New Delhi: To ensure better targeting and utilization of funds, the government is proposing to reverse the planning process and empower local bodies while allocating Rs25,000 crore in additional funding for agriculture and related projects over the next five years.
“The municipal bodies and the panchayats will formulate area-specific plans for development of agricultural and related activities such as irrigation, animal husbandry, fishery and poultry development, pass them on to their respective states, which, after necessary modifications, will forward the plan to the Centre. The Planning Commission and the agriculture ministry will then decide how much of additional funding will be given to each of these projects,” said a senior Planning Commission official who did not wish to be identified.
Logical Move: Municipal bodies and the panchayats will formulate area specific plans for the development of agricultural and related activities, according to a senior Planning Commission official
Instead of the top-down approach, where the Centre allocates the spending, local bodies will formulate proposals and route them through their state governments to the Centre for approval. Total spending in the current fiscal, with the cabinet approving the strategy last week, is estimated at Rs1,500 crore.
The plans will be first put up to the district planning committee, which has the powers to examine and propose changes in the draft for development projects.
The officials also said agricultural universities and horticulture and animal husbandry departments in the districts concerned will play a vital role in project formulation.
“Projects which involve out -of-box thinking and give major boost to production and productivity will be given priority,” said the same Commission official. He also said detailed guidelines for implementing these projects will be finalized by the Commission in a week to 10 days.
The Commission is expecting at least 8-10 states to come up concrete plans before March-end.
It will, among other things, require state governments to not only sustain investments in agriculture at existing levels, but also come up with a decentralized strategy that will extend it to each of their districts.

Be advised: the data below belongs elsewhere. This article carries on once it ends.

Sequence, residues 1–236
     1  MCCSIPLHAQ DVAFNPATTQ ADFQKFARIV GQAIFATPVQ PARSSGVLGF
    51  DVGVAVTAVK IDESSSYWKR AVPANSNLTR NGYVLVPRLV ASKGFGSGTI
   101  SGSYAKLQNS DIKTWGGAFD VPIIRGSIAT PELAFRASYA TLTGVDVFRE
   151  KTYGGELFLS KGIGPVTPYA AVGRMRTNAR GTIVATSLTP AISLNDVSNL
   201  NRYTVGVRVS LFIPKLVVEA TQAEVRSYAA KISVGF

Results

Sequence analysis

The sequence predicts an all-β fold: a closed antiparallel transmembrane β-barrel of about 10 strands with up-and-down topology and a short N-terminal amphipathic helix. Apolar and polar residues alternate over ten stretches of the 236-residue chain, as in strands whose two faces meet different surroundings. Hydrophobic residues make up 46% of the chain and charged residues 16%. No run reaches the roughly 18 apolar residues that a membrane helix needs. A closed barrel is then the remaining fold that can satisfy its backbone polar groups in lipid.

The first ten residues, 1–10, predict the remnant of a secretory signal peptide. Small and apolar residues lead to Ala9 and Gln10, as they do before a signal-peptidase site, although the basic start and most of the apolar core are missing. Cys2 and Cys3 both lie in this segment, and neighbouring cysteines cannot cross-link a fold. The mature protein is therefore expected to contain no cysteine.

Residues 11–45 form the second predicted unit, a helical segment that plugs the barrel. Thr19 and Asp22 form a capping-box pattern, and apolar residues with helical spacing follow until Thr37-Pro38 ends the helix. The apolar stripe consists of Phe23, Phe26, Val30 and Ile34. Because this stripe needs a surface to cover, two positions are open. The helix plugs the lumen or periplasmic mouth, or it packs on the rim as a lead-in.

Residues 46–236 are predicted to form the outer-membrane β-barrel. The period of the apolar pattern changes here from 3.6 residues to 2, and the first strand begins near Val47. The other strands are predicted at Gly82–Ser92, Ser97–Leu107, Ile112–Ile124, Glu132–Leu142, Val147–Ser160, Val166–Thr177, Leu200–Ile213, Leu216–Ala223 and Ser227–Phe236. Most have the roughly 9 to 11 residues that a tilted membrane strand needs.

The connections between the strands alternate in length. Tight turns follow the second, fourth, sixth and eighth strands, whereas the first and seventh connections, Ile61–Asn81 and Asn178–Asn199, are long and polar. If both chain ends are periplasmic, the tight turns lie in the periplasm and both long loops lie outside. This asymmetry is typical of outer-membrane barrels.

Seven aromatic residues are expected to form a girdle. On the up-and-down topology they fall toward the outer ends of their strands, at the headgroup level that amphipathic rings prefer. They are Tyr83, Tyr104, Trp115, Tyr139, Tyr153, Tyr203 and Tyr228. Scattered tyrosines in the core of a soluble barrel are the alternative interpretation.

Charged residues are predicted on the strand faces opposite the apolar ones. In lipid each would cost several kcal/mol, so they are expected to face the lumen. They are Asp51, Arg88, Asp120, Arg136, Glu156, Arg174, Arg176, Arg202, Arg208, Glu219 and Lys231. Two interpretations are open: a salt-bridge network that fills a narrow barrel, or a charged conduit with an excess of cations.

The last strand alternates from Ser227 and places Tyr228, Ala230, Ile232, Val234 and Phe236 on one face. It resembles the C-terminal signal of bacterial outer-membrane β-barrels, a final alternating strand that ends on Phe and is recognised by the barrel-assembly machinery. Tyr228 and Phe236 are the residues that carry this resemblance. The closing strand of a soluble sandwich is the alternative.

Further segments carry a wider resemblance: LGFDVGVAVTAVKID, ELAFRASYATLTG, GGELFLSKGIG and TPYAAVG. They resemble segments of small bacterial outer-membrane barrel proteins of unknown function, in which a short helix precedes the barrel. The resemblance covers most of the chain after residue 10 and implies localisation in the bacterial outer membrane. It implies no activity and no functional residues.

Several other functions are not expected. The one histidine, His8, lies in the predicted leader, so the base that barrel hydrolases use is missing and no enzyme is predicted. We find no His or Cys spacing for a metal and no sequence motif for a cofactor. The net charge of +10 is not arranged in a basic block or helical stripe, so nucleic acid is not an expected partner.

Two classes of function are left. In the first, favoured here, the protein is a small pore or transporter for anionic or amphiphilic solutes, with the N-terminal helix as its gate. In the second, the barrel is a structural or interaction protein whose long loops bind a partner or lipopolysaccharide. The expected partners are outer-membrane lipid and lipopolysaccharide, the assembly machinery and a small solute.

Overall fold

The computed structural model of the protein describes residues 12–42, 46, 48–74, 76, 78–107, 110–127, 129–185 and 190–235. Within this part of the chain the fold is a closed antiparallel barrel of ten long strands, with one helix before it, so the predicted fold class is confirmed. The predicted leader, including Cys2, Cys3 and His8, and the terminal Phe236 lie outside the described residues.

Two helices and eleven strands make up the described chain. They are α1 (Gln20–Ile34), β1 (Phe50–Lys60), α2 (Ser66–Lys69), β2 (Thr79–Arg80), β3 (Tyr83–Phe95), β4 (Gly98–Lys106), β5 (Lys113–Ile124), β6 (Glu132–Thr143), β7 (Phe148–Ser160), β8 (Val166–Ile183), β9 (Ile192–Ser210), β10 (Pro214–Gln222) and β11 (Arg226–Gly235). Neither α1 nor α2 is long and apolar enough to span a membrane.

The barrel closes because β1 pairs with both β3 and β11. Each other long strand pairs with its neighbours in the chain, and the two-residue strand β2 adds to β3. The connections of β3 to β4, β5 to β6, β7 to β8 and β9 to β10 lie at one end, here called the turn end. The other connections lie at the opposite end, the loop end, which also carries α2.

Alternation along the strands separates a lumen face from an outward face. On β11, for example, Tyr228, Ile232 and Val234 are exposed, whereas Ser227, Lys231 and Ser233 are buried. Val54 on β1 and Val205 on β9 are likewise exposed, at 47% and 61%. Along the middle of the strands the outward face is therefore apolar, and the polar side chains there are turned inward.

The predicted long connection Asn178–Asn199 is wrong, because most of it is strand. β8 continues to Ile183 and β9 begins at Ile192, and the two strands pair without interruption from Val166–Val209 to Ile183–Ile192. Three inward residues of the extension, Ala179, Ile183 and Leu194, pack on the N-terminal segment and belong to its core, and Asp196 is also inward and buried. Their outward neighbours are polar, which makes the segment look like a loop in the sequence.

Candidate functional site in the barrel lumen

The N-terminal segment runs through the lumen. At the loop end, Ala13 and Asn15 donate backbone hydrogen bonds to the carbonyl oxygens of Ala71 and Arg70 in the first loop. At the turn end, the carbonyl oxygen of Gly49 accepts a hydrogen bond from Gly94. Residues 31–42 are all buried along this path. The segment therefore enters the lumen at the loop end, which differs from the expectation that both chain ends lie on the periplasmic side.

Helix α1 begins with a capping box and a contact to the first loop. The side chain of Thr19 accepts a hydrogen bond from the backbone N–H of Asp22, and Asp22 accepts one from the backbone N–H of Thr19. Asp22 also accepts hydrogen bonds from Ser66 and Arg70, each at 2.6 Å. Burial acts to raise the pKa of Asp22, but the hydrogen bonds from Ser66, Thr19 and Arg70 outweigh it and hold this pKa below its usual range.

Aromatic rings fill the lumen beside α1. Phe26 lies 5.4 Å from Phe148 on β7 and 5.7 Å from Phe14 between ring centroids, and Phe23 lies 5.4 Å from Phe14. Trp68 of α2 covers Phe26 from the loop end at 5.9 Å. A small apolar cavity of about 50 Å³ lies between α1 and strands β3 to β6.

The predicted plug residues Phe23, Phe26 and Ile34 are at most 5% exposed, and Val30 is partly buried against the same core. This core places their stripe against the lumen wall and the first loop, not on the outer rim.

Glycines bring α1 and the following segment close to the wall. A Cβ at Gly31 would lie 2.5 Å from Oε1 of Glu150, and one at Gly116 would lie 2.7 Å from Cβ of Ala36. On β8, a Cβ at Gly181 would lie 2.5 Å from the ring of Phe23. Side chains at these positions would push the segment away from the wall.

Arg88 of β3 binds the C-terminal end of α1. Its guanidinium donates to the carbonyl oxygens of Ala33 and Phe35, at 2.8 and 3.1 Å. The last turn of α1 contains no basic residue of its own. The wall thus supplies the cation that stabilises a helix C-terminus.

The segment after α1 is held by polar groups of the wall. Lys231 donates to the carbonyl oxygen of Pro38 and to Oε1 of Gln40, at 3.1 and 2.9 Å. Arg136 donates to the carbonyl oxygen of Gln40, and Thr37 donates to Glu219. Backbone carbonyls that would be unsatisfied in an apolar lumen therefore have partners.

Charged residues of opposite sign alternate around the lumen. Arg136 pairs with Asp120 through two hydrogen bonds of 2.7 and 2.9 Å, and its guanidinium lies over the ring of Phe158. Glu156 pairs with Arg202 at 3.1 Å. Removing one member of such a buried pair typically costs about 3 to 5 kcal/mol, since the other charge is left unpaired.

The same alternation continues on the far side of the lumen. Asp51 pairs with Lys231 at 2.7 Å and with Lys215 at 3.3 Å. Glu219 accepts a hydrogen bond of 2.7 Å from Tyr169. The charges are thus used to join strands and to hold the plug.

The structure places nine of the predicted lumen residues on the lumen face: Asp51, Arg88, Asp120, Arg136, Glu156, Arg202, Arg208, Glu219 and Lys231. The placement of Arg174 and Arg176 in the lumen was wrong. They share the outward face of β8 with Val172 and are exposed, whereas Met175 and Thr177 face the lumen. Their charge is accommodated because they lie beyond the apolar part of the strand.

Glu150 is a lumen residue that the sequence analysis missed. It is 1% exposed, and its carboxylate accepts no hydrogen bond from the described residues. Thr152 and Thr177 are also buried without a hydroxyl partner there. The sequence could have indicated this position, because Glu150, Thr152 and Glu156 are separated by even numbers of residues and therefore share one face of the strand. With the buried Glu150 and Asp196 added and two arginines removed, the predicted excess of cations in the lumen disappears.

The National Development Council, headed by Prime Minister Manmohan Singh, resolved in its meeting on 29 May that an additional Central assistance scheme will be launched to incentivize states that increase the share of agriculture in their plans.
Last week, the cabinet committee on economic affairs approved the assistance scheme, the funds under which would be provided to the states as 100% grants.
According to agricultural scientist M.S. Swaminathan, such a bottom-up plan related to infrastructure sector has worked well in Kerala.
“Blocks or panchayats are best disposed to address their local needs as there is much more correlation between priorities and programmes,” he said, adding that the report of the National Commission on Farmers had suggested that district level initiatives in agriculture should be spearheaded by the area’s eminent farmer.
Y.K. Alagh, chairman of the Institute of Rural Management in Anand, Gujarat, says empowering local bodies is a good move though may take a couple of years to implement. “Involving farmer groups, local bodies, regional rural banks and National Bank for Agriculture and Rural Development were part of agro-climatic planning submitted to the government in 1989 but, unfortunately, the Planning Commission weakened the concept and was in favour top-down planning,” he said.
“I am glad it is doing so now.”